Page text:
“Cleanse” is a broad term. It’s important to be cautious as many companies still sell diet pills, detox teas, and juice cleanses that promise to “cleanse” and take advantage of the insecurities ingrained by diet culture, sometimes posing risks to the body. However, other health-conscious brands offer cleanses in the form of natural herbs and supplements to support the body’s natural detoxification system in a healthy way, or offer nutrient-rich foods and programs to supply the body with essential nutrients (such as superfoods, adaptogens, vitamins, minerals, clean proteins, lots of fruits, and veggies) while gently promoting a break from foods that may exacerbate symptoms (like processed foods, caffeine, added toxins, alcohol).

The significant change is that instead of promoting restriction, these new “cleanses” focus on delivering vital nutrients. It’s a “thrive not deprive” mentality centered on nourishment, not depletion. Odenweller is optimistic about the evolving landscape of cleanses but acknowledges that many still seek quick fixes. Healthy cleanses aim to kickstart a healthy lifestyle to feel better in your body, rather than adopting a rapid weight loss approach before a big occasion or trip. However, along with this desire for quick transformation is a growing awareness of the foods we consume. As she emphasizes, future cleanses focus on top-notch ingredients, sustainable sourcing, and, ultimately, the impact of these foods on how we feel.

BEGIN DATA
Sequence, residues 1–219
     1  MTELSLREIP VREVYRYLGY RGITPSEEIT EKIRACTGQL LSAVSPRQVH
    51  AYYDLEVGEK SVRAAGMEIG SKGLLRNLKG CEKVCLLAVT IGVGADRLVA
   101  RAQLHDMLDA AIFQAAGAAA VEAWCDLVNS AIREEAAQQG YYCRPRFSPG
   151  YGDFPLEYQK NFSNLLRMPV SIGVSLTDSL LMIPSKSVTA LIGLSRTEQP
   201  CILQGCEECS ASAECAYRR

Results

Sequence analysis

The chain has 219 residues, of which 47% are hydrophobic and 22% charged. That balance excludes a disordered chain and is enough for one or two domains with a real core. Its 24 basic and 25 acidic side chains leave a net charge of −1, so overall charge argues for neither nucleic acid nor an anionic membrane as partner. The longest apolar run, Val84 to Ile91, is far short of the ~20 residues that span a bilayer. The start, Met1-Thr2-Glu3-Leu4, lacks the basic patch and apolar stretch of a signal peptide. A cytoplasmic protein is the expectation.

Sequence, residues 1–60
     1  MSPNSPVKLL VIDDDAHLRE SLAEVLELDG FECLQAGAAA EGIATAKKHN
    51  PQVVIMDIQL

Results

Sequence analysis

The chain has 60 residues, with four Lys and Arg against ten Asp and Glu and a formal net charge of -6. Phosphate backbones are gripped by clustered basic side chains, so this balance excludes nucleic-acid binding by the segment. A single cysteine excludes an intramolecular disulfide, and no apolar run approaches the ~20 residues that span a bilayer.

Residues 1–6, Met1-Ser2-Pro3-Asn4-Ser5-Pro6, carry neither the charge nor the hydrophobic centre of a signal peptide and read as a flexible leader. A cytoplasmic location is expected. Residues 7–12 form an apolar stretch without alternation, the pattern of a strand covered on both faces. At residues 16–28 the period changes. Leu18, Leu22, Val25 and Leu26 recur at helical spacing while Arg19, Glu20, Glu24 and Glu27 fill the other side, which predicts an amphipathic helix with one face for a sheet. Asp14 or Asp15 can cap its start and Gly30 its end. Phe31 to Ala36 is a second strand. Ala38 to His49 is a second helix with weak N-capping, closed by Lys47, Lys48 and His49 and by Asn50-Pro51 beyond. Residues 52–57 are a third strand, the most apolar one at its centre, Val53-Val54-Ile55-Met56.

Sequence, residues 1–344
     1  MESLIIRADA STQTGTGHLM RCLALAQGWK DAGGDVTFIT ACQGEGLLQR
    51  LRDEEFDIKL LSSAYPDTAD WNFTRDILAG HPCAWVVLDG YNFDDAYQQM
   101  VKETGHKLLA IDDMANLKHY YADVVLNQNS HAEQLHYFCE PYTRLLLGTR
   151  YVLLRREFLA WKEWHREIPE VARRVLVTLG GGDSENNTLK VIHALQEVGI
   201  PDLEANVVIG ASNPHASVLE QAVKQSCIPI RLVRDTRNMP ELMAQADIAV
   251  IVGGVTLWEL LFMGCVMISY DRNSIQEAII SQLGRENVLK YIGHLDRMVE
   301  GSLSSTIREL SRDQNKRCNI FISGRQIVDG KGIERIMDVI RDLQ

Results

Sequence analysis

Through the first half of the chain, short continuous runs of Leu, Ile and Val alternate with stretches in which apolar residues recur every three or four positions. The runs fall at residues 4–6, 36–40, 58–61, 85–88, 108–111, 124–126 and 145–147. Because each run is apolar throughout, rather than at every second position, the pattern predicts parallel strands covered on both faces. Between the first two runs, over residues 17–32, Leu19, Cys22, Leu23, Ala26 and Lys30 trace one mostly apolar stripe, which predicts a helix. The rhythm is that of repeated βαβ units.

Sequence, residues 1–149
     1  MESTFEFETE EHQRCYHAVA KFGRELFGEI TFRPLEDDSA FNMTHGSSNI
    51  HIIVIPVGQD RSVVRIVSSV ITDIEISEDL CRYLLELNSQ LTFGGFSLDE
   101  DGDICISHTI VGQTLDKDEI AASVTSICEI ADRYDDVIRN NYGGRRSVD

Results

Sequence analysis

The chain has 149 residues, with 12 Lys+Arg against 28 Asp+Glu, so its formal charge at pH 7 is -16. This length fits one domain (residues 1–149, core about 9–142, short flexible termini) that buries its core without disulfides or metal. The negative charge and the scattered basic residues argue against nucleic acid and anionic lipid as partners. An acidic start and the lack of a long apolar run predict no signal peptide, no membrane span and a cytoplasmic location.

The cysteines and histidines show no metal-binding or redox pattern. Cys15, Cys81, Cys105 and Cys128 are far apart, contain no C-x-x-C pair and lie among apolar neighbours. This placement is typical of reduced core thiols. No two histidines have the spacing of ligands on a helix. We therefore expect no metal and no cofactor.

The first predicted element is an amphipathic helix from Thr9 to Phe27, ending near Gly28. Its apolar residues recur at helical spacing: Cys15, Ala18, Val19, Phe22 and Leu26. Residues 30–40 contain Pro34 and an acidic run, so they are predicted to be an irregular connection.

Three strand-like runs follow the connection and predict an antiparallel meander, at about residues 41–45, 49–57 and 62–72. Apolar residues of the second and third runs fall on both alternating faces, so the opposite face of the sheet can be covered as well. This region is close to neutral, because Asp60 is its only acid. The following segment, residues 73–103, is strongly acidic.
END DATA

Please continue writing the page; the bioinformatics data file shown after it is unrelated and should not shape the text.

What are the benefits of going on a cleanse?

In the past, many viewed cleanses as a pseudo-wellness solution linked to fad or crash diets, often pursuing the same objective: weight loss. However, as many of us aim to move away from the fixation on body size and shape, our goals now revolve around how we feel. Odenweller enumerates the benefits one can expect from a reset:

Increased energy

Opting for foods that optimize blood sugar levels (like high fiber plants, healthy fats, and clean proteins) instead of relying on caffeinated beverages sustains our energy throughout the day and prevents the energy crashes associated with caffeine or simple carbohydrates. Including superfoods (such as high-quality matcha in Kroma’s 5 Day Reset or chlorophyll drops in Sakara’s Fresh Start Cleanse) can provide an extra energy boost.

Reduced inflammation